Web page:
Eurovision: Bucks Fizz star backs Cardiff to host 2023 event
It comes after organisers announced the contest would not be held in Ukraine, which won this year’s event, due to the ongoing war in the country, and would instead be hosted by the UK.
Several cities including London, Manchester and Sheffield are already jostling for the honour.
Another former winner, Lulu, has pitched for her home town Glasgow.
Baker, who was a member of Bucks Fizz when they were victorious in 1981 with their pop hit Making Your Mind Up, told BBC Breakfast: “It needs to go to a city where there’s an international airport, where they’ve got a venue that’s big enough, where there are enough hotels, so any one of those would work.
“I think it would be nice if it didn’t go to London although, for me, I live in Kent, I’m half an hour from London. So for me, that would be perfect!
“But would be nice if it went to (a) regional… I fancy Cardiff, I think that would be nice. Like you say, the land of song.”
Bucks Fizz relaunched as The Fizz a few years ago after changing their name because of a legal row with former member Bobby G.
Their singer said it will be fantastic honour for the UK to host the “biggest musical extravaganza in the world” for a ninth time – more than any other country. But she stressed the 2022 winners should still be heavily involved.
“As long as Ukraine are completely involved, as long as their presenters… we’ve basically given them the shell to do it in my opinion, I think their production teams and their presenters and everything should be totally involved,” she said.
“It’s just like we’re giving them the venue to use, that’s what I think.”
On BBC Two’s Newsnight on Monday, fellow former winner Lulu said Glasgow was “music mad” and would make “the most fabulous hosts”.
Next year will mark the ninth time the competition has been held in the UK – but Scotland has hosted only once, in 1972, when the event was held in Edinburgh’s Usher Hall.
“It has to be Glasgow because that’s where I come from,” said Lulu.
“They’re so politically savvy, they’re the most fabulous hosts, they absolutely are music mad.
“I think it would be just the most fabulous thing, and I would be there. I just cannot wait.”
Lulu, born Marie McDonald McLaughlin Lawrie, was still only 20 when she represented the UK at the 1969 Eurovision Song Contest with the song Boom Bang-a-Bang. It was voted one of four joint winners that night.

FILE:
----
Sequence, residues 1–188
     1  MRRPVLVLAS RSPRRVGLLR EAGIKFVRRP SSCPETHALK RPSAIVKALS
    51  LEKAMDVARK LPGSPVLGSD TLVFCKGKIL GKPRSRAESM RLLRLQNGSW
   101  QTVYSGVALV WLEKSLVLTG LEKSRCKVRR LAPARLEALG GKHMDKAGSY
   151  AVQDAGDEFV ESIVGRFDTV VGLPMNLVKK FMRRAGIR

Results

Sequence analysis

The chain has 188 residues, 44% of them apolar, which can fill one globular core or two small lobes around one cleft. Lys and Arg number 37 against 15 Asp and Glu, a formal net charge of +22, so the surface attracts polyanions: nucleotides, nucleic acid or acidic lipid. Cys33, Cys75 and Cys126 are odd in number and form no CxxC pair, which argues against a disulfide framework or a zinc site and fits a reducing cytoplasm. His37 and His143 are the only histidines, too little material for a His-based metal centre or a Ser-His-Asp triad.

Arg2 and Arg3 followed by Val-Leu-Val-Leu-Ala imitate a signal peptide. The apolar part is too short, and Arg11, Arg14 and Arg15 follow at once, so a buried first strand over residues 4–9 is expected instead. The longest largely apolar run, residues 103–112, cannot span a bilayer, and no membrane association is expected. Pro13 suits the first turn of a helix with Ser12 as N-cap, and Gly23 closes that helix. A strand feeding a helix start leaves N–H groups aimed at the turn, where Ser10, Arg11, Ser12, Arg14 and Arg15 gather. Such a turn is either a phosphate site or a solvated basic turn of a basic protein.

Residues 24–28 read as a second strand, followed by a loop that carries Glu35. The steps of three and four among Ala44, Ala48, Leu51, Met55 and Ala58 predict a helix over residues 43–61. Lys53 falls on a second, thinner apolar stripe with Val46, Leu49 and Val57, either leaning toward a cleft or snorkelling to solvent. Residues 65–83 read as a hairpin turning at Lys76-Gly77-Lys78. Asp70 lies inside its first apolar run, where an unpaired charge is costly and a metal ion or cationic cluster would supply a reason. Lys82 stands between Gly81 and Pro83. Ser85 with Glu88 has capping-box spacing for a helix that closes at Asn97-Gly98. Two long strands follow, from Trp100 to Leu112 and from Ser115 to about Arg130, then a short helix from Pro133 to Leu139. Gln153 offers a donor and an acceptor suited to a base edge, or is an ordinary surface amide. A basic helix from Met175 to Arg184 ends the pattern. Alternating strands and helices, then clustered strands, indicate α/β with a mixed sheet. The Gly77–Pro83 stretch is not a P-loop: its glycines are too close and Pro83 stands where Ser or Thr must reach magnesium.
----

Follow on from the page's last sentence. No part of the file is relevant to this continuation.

This year’s Eurovision in Turin saw the UK’s Sam Ryder come second, prompting Eurovision organisers to open talks about hosting next year’s event with the contest’s British broadcaster, the BBC.
The Space Man singer reminded fans, in an Instagram video, that next year’s competition would be focused on Ukraine and would celebrate its music, culture and history.
“It’s Ukraine’s party, we’re just inviting them to throw it at our house,” he said. “I know how much it meant to Kalush and the Ukrainian delegation that it would be held at home in Ukraine next year.
“I’m not the only one whose heart is heavy knowing that that can’t be the case at this moment in time. But what I would love to say to anyone watching this from Ukraine is that we know how to throw a party here in the UK”.
Kalush Orchestra’s lead singer Oleh Psiuk said in a statement given to the PA news agency that they were sad to be missing out while being grateful to the UK for stepping up.
“Of course, we are very sad that the Eurovision Song Contest will not be held in Ukraine next year. We are grateful to the UK for their solidarity and for agreeing to hold the event in support of our country,” said Psiuk.
“We hope Eurovision 2023 will have a Ukrainian flavour and celebrate our beautiful, unique culture.
“We, in turn, will make all efforts to help Ukraine win next year as well, so that Eurovision 2024 can take place in a peaceful country.”
The UK has a number of cities with the arenas, accommodation, and international transport links to host the competition, with London, Sheffield, and Manchester already confirming plans to make an official bid.
London mayor Sadiq Khan said: “Having a Eurovision in London, where we have got thousands of Londoners of Ukrainian origin, thousands of people from Ukraine, who have fled Ukraine, would be a great way for us to have a Ukrainian party, a Londoners’ party. We could have the best of Ukraine, Londoners from diverse backgrounds, and who knows: we may even win it.”
Leeds, Liverpool, Newcastle, Birmingham, Aberdeen, Brighton, Bristol, Belfast, Cardiff, and Nottingham are also considered possible contenders.
The frontwoman of the UK’s fifth and last Eurovision winner, Katrina and the Waves, has said Manchester has “everything you need” to host the 2023 event and was “crying out” to hold the show.
Cheryl Baker’s Bucks Fizz/The Fizz bandmate Jay Aston told Newsbeat she hoped that hosting the event, plus Ryder’s success this year, would inspire more people in the UK to be enthusiastic about Eurovision.
“We’ve all been getting fed up because we’ve been coming last one too many times,” she said.
She also said she’d like to see the event pay homage to Ukraine and their success at this year’s contest.
“Obviously Ukraine won and we’ve got to make it their show,” she said. “We can’t steal the limelight. It’s all about their win.”
Lulu added: “That’s very important. Whatever town, whatever city it goes to, the UK will be behind Ukraine.”
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